Sanitation is vital for human health, generates economic benefits, contributes to dignity and social development, and protects the environment. Sanitation promotion focuses on stimulating demand for ownership and use of a physical good. Access to basic sanitation refers to access to facilities that hygienically separate human excreta from human, animal, and insect contact. Hygiene promotion focuses on changing personal behavior related to safe management of excreta, such as washing hands and disposing safely of household wastewater. Both are essential to maximize health benefits. Lack of sanitation facilities and poor hygiene cause water-borne diseases such as diarrhea, cholera, typhoid and several parasitic infections. Provision has been made for both urban and sanitation management objectives and principles in the Water and Sanitation Sector Policy of 2008, to contribute towards improved health and quality of life.

Considering that Namibia is a water-scarce country, in most (rural and urban) instances, the most affordable individual household or community sanitation options are ecological or dry sanitation facilities. Where possible it should be left to individuals to decide on the most appropriate technological and payment options as well as maintenance responsibility allocation. The institutions responsible for water sanitation and hygiene are divided into the following categories:

• Public health issues and awareness: Ministry of Health and Social Services; Directorate of Water Supply and Sanitation Coordination within the MAWF; Regional Councils and Local Authorities

• Health policies and legislation: Ministry of Health and Social Services

• Advice and research on alternative sanitation options and development: Habitat Research and Development Centre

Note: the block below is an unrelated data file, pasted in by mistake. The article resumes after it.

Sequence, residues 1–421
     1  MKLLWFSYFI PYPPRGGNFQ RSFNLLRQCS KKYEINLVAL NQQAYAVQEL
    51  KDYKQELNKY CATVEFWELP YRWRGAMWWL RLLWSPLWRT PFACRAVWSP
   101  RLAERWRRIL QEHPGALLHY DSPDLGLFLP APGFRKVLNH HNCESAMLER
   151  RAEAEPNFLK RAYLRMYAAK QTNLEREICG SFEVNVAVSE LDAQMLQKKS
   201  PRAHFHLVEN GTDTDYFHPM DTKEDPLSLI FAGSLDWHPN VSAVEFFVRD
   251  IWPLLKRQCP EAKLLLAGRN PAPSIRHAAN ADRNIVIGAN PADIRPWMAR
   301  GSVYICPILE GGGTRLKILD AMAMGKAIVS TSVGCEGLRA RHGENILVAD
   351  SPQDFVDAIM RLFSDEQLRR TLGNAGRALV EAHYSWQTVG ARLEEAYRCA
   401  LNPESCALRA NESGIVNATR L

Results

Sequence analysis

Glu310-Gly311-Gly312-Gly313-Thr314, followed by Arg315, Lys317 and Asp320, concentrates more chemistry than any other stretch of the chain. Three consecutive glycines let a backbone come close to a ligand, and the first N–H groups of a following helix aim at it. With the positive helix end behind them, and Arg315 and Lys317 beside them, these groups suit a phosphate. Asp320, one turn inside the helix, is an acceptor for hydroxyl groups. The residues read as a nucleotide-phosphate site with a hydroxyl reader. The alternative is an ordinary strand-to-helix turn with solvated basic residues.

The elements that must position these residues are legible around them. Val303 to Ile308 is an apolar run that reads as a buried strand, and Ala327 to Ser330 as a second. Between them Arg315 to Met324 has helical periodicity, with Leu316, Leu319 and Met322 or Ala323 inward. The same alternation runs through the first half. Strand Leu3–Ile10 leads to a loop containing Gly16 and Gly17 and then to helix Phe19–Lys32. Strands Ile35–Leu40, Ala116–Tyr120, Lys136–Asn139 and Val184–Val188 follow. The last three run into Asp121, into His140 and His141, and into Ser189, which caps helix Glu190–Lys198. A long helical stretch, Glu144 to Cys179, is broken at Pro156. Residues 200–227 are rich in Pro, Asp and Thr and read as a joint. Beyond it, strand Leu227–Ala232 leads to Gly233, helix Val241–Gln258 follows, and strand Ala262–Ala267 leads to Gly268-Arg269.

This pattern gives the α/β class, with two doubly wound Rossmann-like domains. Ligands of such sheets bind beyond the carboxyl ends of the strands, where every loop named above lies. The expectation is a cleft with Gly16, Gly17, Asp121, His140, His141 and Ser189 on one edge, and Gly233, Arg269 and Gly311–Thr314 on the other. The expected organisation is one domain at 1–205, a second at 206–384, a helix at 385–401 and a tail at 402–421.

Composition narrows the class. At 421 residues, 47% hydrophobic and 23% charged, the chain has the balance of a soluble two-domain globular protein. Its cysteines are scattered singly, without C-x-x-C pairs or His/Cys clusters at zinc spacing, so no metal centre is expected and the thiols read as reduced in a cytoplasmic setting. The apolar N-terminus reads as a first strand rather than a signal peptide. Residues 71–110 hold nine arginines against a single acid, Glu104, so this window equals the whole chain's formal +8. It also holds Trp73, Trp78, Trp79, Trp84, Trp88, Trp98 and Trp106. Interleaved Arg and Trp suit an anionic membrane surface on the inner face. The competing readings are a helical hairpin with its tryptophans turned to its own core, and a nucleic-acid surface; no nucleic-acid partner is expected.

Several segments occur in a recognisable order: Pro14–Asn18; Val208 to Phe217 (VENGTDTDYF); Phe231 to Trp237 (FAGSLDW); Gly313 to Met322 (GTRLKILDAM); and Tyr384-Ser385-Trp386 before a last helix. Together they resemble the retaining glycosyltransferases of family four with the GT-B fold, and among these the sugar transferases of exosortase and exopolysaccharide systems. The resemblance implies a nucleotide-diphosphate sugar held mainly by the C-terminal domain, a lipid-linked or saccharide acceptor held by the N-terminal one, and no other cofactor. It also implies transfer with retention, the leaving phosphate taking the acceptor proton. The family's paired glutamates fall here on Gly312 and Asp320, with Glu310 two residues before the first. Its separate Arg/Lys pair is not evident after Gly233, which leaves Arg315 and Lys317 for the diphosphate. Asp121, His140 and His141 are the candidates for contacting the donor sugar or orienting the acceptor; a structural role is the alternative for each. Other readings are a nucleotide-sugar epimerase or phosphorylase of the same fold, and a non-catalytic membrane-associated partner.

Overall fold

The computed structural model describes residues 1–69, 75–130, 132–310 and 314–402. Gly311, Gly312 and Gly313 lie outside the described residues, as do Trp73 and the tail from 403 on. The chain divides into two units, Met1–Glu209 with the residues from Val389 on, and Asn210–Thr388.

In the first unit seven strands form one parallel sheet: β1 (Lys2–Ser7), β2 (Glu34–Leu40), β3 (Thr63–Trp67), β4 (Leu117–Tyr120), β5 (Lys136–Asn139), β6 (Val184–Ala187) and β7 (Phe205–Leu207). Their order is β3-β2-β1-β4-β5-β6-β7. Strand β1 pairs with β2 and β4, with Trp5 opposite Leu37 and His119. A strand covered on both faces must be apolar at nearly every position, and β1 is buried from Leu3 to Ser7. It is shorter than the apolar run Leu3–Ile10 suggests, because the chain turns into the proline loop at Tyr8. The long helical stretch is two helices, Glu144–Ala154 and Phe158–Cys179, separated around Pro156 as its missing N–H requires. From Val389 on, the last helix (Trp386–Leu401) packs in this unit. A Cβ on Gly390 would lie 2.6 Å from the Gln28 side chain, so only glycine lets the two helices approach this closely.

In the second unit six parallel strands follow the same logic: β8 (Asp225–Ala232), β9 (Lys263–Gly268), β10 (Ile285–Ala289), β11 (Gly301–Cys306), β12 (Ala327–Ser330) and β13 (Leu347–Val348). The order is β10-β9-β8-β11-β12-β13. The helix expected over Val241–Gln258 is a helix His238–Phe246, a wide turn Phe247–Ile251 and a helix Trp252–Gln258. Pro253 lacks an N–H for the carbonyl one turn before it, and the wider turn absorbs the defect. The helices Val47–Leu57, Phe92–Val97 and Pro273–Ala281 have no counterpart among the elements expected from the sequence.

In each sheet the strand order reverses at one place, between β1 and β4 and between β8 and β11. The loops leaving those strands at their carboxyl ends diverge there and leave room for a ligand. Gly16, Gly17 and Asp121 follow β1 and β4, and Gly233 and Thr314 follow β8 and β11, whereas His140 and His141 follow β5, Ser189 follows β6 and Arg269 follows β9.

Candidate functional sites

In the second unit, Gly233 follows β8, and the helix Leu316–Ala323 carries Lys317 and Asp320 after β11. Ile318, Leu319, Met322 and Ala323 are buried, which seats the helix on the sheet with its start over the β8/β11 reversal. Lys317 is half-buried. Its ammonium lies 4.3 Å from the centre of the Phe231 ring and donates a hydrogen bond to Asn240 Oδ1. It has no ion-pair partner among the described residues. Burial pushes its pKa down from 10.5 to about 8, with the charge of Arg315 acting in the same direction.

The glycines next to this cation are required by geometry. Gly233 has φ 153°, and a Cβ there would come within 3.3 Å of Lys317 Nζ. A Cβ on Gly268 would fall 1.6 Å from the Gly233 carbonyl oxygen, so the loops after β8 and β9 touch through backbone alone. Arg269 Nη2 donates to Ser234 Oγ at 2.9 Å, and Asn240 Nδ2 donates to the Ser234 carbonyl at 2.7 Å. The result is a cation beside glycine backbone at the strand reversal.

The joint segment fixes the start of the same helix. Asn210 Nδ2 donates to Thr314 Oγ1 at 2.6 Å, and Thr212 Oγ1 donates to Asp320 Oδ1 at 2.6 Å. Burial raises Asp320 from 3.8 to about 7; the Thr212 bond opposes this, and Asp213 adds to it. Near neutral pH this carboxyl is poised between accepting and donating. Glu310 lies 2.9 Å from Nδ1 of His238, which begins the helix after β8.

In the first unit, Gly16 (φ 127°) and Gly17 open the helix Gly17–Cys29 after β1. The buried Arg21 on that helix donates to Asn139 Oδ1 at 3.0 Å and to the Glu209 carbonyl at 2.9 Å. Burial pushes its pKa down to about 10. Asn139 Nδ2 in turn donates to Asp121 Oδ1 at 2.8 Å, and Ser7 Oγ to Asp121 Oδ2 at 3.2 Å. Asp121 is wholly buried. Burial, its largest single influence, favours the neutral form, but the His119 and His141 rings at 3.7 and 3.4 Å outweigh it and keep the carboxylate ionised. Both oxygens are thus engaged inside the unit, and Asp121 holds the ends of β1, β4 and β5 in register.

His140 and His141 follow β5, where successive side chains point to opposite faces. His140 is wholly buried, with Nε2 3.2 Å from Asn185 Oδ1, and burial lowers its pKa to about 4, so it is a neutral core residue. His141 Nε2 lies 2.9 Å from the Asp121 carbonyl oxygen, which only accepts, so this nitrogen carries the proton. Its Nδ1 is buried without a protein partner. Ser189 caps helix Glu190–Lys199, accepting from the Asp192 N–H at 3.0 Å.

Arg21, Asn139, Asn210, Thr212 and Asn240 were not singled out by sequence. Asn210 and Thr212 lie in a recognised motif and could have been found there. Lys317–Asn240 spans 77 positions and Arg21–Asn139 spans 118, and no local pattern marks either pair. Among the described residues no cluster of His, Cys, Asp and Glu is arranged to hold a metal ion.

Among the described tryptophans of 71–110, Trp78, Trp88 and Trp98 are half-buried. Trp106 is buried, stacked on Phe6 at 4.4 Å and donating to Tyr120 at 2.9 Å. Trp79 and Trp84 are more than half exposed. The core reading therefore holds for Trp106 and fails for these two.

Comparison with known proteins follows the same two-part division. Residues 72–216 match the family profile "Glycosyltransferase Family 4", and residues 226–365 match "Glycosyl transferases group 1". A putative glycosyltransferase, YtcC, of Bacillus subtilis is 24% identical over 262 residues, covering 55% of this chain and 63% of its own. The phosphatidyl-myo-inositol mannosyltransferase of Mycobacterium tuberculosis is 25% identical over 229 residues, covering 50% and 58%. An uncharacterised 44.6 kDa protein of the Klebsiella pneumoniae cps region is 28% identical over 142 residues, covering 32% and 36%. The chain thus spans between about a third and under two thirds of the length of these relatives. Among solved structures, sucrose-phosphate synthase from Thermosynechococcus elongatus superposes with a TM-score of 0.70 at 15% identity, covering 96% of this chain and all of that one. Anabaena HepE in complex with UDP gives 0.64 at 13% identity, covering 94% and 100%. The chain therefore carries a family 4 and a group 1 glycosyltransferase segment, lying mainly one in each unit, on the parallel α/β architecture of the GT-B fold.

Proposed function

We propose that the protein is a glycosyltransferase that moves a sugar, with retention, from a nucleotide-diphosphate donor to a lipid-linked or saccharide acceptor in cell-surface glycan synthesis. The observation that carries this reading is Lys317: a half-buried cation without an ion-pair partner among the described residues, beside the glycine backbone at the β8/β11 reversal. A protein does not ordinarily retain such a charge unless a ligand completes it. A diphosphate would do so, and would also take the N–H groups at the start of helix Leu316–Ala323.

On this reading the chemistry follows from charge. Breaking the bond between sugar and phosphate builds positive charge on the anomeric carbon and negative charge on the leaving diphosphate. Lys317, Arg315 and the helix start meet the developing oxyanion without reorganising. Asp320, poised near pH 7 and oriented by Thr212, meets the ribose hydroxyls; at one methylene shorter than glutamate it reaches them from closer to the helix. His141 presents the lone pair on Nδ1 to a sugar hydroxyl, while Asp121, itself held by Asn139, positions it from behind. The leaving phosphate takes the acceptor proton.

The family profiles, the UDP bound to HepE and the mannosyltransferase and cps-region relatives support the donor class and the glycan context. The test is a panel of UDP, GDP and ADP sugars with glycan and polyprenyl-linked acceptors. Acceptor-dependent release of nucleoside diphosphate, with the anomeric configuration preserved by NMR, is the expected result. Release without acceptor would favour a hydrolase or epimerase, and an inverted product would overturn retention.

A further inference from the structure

Challenges of IWRM in the basin

The biggest threat to the water resources in the Kunene River basin is the increasing number of people, both local and tourists, domestic stock and wildlife. In particular, the basin is highly prone to the following challenges:

• Land degradation and deforestation: The topsoil of land contains valuable nutrients for vegetation to grow. When vegetation cover or trees are destroyed (either through high population growth or overgrazing due to high livestock concentrations in an area) the land becomes vulnerable and results in topsoil being easily blown away by wind. Increased run-off (rainwater not infiltrating in the soil) causes loss of agricultural productivity (soil fertility).

• Bush encroachment: Invader bushes are the highest single consumer of groundwater in the upper basin area, with detrimental long-term consequences on the sustainability of groundwater resources and fodder availability.

Due to the arid and highly variable climate in Namibia, water resource managers and users have to focus on improving efficiency of water resource use through improvement of water demand management practices.


Plans to develop a dam at the Baynes dam site to supplement hydro-electric power in Namibia is under investigation, taking into consideration environmental and social impacts. Potential agricultural, mining and tourism opportunities are identified on the Hoanib River, while irrigation schemes and a large dam are being investigated in the Hoarusib River area, close to Purros.

There is a growing economic and social importance of the desert-dwelling elephants in the basin, which requires improved elephant management (especially with regard to limiting movement near garden and water systems) for emerging and established conservancies in the basin. In addition, a potential Ramsar site (in accordance with the Ramsar Convention of Wetlands of International Importance) is identified at the Kunene River mounth, but is not yet designated. Maintenance of rural water supply and livestock drinking points remains a challenge in the basin, due to sparse distribution of people.